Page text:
In the tradition of horror films from the 1950s, The Superbug takes the screen. Unfortunately, unlike The Blob, The Mummy, and The Thing, The Superbug is not fiction and its doomsday potential is real.
Researchers at Harvard Medical School recently made a shocking time-lapse video showing how, as bacteria becomes antibiotic resistant, it gains strength and evolves into superbugs that can’t be stopped.
For most people, evolution is just conceptual, says Tami Lieberman, an evolutionary microbiologist at MIT. She and her Ph.D. adviser, Roy Kishony at Harvard Medical School and Technion-Israel Institute of Technology, wanted something that would make the evolution of superbugs seem more concrete. “The goal was to see evolution, not to abstract it,” she says.
For the experiment, a giant petri dish was built measuring 4- by 2-foot and divided into nine bands. Varying amounts of antibiotics were loaded into each band, with the potency increasing toward the center of the dish. E. coli bacteria was then placed in the outside bands and allowed to grow toward the center, across bands of increasingly stronger doses of antibiotic.
The video shows the bacteria having difficulty at first, with some of it dying off, but then mutating with each stronger level of antibiotics as it continues an evolutionary march to the center. After about 11 days, the bacteria mutants reach the center where antibiotics are 1,000 times normal potency. And yet, the mutated bacteria survives.
What the researchers didn’t expect: The faster growing colonies of resistant bacteria were cutting off the growth of slower but more drug-resistant colonies and becoming more successful.
“This illustrates that bacteria, which is normally sensitive to an antibiotic, can evolve resistance to extremely high concentrations in a short period of time,” says researcher Michael Baym, who built the kitchen table-sized petri dish.
When a bacteria’s drug resistance evolves, it usually comes at some kind of cost to the bug. In the presence of an antibiotic, faster growing colonies don’t grow as robustly as the slower ones — but that often doesn’t matter. If the strain wants to live on, it just needs to be the first to get to the next human or food source. “[This] phenomenon has been very, very tough to study classically,” says Baym.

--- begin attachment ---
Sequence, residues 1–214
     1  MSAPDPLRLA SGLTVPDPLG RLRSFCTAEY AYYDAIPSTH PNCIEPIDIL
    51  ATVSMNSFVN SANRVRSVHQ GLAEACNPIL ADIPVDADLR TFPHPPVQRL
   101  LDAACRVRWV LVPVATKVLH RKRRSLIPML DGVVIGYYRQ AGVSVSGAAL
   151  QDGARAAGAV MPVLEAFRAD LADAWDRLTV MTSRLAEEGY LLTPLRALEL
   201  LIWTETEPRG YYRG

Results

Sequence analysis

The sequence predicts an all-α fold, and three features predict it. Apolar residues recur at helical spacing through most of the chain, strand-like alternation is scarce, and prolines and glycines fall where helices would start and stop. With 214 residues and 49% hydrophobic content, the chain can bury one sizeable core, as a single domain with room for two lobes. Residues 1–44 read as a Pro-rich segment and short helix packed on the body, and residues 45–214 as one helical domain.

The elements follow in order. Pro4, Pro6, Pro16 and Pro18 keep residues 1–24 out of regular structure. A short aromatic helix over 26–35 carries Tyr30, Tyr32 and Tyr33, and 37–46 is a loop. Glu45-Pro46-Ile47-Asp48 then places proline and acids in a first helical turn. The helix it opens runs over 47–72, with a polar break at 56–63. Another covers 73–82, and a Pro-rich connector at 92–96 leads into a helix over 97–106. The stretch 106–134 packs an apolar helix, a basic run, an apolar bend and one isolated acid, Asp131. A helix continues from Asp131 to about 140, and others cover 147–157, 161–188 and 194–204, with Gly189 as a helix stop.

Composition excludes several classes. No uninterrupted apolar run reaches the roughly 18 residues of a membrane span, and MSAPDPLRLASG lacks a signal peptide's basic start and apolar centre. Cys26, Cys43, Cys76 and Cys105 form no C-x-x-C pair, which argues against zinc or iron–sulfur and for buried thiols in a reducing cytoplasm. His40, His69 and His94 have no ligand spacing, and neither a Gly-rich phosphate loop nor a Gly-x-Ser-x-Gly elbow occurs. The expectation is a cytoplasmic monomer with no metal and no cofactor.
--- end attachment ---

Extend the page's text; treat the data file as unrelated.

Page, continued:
Antibiotic Resistance High And Fatal
This is not good news for humans. The Centers for Disease Control and Prevention (CDC) estimates that each year, nearly two million people in the United States acquire an infection while in a hospital, resulting in 90,000 deaths. More than 70 percent of the bacteria that cause these superbug infections are resistant to at least one of the antibiotics commonly used to treat them.
Just this month, the World Health Organization (WHO) warned that antimicrobial resistance (AMR) “is an increasingly serious threat to global public health that requires action across all government sectors and society.” And in the same report, “Globally, 480,000 people develop multidrug resistant tuberculosis each year, and drug resistance is starting to complicate the fight against HIV and malaria, as well.”
And, as illustrated in the superbug experiment, antibiotic potency is making little difference. In 2016, a virulent strain of E. coli, resistant to colistin, reached the United States. Colistin was supposed to be an antibiotic of last resort until it was abused in the meat industry.
Superbugs…Where’s The Hope?
A new study published in the National Center for Biotechnology Information (NCBI) calls for a broader approach to address bacterial infection. A more preventative holistic approach is recommended along with probiotics.
Another natural alternative gaining popularity is high-quality colloidal silver, which has been proven in modern lab conditions to wipe out over 630 exotic and common pathogens while improving overall resistance against an incredible spectrum of human ailments.
Meanwhile, researchers hope that the video and report (published in the journal Science), will draw attention to the enormity of AMR.
And if scientists can see it, maybe they can start to study it. The use of something as simple as a giant petri dish could help scientists open up the spatial dimension that has been missing from the lab, says Pamela Yeh, a microbiologist at UCLA who was not involved in the experiment. “Hopefully this will put back in people’s minds how important the spatial element can be.”
“It’s possible that there’s a lot of research that can be done by getting away from small, classic petri dishes,” Yeh says. But for now, Kishony’s 4-by-2 is mostly just a demonstration. Hopefully, a useful one, Lieberman says. “Getting more people to understand how quickly bacteria evolve antibiotic resistance might help people understand why they shouldn’t be prescribed antibiotics.”
Ironically, the age of Miracle drugs began about the same time Hollywood started churning out horror B movies. Clearly, both have now run their course.